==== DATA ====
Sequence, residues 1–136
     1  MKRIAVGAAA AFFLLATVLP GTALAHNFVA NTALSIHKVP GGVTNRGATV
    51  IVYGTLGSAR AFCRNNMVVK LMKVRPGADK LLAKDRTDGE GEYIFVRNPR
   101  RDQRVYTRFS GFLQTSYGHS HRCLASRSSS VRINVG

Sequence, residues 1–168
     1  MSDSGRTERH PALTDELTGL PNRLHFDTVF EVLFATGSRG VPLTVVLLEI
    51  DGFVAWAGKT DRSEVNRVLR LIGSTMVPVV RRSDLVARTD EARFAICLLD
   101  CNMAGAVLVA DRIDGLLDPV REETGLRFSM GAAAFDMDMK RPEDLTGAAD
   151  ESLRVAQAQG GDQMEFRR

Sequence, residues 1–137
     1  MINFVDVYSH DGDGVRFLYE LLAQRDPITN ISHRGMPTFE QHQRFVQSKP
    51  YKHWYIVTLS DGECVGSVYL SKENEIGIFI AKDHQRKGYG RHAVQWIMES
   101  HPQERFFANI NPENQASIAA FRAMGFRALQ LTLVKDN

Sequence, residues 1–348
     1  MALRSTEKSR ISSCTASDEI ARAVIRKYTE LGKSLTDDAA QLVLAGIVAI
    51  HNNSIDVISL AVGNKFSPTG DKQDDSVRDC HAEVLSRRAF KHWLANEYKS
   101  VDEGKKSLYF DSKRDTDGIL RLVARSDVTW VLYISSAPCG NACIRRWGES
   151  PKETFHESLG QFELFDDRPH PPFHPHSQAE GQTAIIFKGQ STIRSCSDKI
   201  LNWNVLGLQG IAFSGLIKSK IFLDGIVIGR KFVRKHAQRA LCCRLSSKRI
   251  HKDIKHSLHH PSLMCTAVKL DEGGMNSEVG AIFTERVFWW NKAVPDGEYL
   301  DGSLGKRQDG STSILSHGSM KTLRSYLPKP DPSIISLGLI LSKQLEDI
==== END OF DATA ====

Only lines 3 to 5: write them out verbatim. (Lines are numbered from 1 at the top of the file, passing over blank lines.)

    51  IVYGTLGSAR AFCRNNMVVK LMKVRPGADK LLAKDRTDGE GEYIFVRNPR
   101  RDQRVYTRFS GFLQTSYGHS HRCLASRSSS VRINVG

Sequence, residues 1–168